It may seem like I’m giving short shrift to Cartagena, where we spent roughly 3-1/2 days, especially in contrast to the number of posts that I did on Bogotá. A few reasons – we didn’t do nearly as much – we really only had three “activities” that we did, one each day; we put in a fair amount of “down time”, either at the beach or pool; we didn’t eat out as much – Henry kind of reaches his limit of restaurant dining after a week or so, and so I acquiesced to a number of meals in the hotel.
Overall, it was not one of my favorite places – we didn’t dislike it, we just didn’t find it as interesting as we’d hoped. It’s great if you really do just want down time, you can easily just veg out at the beach or wherever, and really not do much of anything. Outside of the extremely touristy “walled city”, or “historic center”, there’s not much to do in the city – there are some monuments you can go visit, and we did a drive up to the top of the Cerro de la Popa, a church on top of hill, mostly known for its great views over the city, and, we arranged for a guide (Alfredo DeÁvila, tel: 3224934639, highly recommended, only speaks Spanish) to take us into the mangrove glades north of the main part of the city, and that was actually the best day – tranquilly floating through them, ending up at a secluded beach area and just relaxing, a guy who runs a little restaurant at the far end of the beach offered up a selection of fresh fish of the day, our choice of either fried, grilled, or stewed – we went for grilled and stewed.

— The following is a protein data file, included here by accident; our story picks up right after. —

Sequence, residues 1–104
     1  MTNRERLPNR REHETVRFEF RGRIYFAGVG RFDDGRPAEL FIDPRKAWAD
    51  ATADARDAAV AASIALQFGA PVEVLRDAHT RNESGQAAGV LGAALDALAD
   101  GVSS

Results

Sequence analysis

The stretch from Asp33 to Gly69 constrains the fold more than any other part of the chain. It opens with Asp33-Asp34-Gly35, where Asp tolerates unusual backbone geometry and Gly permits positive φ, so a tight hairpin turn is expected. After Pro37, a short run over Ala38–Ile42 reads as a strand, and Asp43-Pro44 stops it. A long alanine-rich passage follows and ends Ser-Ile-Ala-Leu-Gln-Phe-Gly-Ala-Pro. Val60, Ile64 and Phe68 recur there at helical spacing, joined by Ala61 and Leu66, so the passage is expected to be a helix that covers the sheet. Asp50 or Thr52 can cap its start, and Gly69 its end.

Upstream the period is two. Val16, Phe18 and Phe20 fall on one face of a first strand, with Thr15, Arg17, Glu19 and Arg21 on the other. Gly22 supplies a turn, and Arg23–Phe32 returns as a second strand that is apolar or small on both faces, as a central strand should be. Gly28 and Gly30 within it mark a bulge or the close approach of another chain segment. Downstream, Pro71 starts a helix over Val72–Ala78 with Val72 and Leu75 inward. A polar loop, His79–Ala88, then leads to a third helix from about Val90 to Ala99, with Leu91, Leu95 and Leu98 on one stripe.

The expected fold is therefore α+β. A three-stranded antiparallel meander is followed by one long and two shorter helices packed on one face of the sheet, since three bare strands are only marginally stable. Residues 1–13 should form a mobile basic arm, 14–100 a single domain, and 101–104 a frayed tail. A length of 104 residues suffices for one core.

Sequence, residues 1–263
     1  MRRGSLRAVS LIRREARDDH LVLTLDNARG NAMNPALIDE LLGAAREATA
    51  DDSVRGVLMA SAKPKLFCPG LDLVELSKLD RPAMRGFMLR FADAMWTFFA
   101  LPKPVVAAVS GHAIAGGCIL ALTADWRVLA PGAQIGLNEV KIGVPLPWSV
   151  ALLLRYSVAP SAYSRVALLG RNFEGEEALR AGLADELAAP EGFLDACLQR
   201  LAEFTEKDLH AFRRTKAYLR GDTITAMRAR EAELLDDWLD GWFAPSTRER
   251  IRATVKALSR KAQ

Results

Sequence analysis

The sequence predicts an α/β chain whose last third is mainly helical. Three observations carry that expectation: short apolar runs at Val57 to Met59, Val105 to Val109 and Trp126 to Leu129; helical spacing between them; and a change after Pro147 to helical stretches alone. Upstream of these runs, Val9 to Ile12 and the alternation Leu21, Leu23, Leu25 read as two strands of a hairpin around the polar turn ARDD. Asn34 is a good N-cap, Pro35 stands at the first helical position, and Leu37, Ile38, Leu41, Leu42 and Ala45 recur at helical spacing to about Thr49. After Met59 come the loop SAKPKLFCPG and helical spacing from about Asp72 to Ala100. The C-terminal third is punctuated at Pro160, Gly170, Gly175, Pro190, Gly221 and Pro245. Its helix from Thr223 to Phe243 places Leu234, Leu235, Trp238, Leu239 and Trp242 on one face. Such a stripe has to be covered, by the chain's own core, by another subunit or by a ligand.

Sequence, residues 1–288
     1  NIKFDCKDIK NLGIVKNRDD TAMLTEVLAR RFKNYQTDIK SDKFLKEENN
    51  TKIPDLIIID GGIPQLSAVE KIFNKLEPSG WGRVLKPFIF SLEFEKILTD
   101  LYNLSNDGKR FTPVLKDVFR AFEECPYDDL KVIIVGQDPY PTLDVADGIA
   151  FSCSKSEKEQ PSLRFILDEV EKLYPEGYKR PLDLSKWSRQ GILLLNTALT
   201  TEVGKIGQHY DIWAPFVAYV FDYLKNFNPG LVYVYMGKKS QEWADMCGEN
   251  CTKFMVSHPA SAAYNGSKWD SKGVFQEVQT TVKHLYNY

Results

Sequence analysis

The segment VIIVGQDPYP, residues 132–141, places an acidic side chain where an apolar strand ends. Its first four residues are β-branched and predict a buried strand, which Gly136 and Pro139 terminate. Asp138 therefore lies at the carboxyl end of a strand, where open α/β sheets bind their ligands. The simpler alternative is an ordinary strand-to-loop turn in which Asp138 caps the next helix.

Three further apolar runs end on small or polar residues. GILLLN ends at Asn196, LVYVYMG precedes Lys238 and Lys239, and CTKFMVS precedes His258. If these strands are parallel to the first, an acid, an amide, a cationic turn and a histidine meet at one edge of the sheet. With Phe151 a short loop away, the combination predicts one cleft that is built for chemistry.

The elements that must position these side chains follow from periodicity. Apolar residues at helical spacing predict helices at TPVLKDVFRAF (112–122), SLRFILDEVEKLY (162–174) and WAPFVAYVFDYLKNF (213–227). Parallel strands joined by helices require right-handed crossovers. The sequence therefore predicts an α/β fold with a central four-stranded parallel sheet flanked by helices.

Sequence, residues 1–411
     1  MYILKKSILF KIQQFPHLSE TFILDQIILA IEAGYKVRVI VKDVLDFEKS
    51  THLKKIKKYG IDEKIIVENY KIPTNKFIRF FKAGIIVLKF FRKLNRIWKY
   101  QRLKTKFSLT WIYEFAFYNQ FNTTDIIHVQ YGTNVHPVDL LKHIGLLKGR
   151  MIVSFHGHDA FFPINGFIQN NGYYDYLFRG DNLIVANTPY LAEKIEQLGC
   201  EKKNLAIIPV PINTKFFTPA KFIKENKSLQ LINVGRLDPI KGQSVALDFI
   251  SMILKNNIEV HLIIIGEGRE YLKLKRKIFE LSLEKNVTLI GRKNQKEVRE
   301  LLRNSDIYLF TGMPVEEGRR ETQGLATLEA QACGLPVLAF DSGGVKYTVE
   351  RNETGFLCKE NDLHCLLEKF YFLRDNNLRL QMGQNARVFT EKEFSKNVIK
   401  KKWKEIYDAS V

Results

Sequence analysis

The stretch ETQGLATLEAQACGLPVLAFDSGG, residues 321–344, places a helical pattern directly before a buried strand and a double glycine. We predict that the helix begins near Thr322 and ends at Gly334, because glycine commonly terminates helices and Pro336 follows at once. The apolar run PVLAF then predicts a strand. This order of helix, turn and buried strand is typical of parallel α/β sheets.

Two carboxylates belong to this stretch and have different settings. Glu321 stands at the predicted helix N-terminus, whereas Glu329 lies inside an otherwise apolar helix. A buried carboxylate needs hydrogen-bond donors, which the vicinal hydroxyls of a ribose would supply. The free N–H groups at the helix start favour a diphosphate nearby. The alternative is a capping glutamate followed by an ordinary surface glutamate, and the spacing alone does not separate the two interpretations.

Possibly what I liked least was the constant focus on money. First off, it’s far more expensive than Bogotá, by close to 50%. Everyone wants cash and gives you a hard time about using a credit card, even the hotel’s own contracted taxis kept trying to get us to pay with cash rather than just charge the service to our room. If you’re not careful, people will charge you extra for things – we had to correct a couple of taxi bills, and a couple of restaurant bills that had different or additional costs snuck in. And everywhere, someone has their hand out either begging, or trying to get you to buy something. Basically, there is no industry in Cartagena except tourism, at least within any of the areas that someone visiting is likely to end up.
Food-wise, it’s very different from the food scene in Bogotá. The cheap restaurants tend to be serving up basically fried or grilled fish, pretty much the same stuff we had on the beach, and with little variety. You can get fast food, which abounds, particularly fried food. The nicer restaurants are few in number, and tend to focus on local ingredients used in either relatively classic, or very modern, French style. In both ranges of cuisine there’s a preponderance of sweet, fruity sauces, and surprisingly for a Caribbean city, little to no spice, and if you ask, you’ll likely get nothing more than a bottle of one brand or another of tabasco pepper sauce.
Service is very different from Bogotá as well – it’s a bit stiffer, which may be mostly because they’re more used to dealing with high end tourists than anything else – it’s also very rushed. I think every restaurant we ate at, including the nice ones, a waiter was at the table before we’d even settled into our seats asking if we’d decided on a drink, a bottle of wine, whether we wanted water. How about a menu first? How about letting us grab a breath? And as soon as you set down your fork from taking the last bite on your plate, someone’s whisking it all away, regardless of whether someone else at the table is still eating – even things like, as soon as you take your bread rolls out of the breadbasket, someone runs over and takes the basket away. It wasn’t just one place, it was pretty much everywhere, low and high end.
So, on to the video..